[tor-reports] Trip report: Rally Against Mass Surveillance and cryptoparty
matt at pagan.io
Fri Nov 22 08:08:56 UTC 2013
Last month I was invited to speak at a cryptoparty in Washington, DC,
hosted by EPIC. The cryptoparty was one of the events connected with
the Rally Against Mass Surveillance. The topics I chose to emphasize in
my talk were downloading and using the Tor Browser Bundle, downloading
and using Tails, and what Tor's anonymity can and cannot provide. I
used live demonstrations of the software as well as EFF's Tor and HTTPS
graphic to illustrate my points. The experience made me believe that
using slides over live demonstration would have been even more
effective. Questions people had about Tor included, "I've heard that
Tor is slow. Is that still true?", and "Can I use VoIP software over
Tor?". Other people who presented at the cryptoparty talked about
SecureDrop, secure passwords, disk encryption and other topics. After
the presentations Gary Johnson and Bruce Schneier spoke to the whole
cryptoparty group. I'd say there were between 40 and 70 people
attending the cryptoparty.
The cryptoparty happened on a Friday evening. Also on Friday, Public
Knowledge sponsored a lobby day to train and assist individuals in
meeting with their representatives and handing out talking points.
Saturday was the Rally Against Mass Surveillance. Participants marched
from Union Station to the Capitol Reflecting Pool. The speakers at the
rally included Thomas Drake, Rainey Reitman, Naomi Wolf, Lt. Dan Choi,
and Dennis Kucinich. At the end of the rally, 575,000 signatures were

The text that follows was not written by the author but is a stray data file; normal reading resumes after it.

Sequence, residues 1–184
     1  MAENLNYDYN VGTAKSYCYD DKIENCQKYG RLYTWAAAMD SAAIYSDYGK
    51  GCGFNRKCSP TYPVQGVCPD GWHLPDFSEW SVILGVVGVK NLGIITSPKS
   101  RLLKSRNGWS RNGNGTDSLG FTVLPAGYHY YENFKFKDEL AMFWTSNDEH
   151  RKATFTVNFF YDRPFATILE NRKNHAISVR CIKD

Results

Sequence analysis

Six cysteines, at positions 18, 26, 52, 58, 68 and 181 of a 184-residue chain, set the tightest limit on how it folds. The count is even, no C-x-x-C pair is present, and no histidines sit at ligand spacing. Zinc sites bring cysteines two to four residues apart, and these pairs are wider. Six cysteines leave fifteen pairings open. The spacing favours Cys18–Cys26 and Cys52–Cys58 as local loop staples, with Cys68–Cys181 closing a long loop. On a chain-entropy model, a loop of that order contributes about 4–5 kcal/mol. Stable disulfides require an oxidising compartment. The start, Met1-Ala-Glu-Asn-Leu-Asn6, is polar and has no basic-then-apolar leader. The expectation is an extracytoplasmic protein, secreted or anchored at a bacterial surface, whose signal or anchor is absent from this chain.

delivered to Congress with a petition to reform the Patriot Act and
the FISA Amendments Act, publicly report domestic spying, and hold
accountable the responsible public officials. I read later that over
3000 people physically participated in the demonstration.
Some of the cool art I saw at the rally included projected video art,
papier-mâché costumes, hip hop, soul-garage and indie pop musicians,
and lots of handmade signs and banners.
Saturday evening, a screening of the film Terms and Conditions May
Apply drew a smaller crowd. The director Cullen Hoback answered
questions about the film afterwards.
A number of people said they were glad that someone working with the
Tor Project was able to make it to this event. I gave out some Tor
stickers. For me it was a good opportunity to connect with others who
are working in the field of online privacy. I was able to give some
non-technical people a better understanding of how to use Tor, and I
think I convinced a few people to start running Tor relays.
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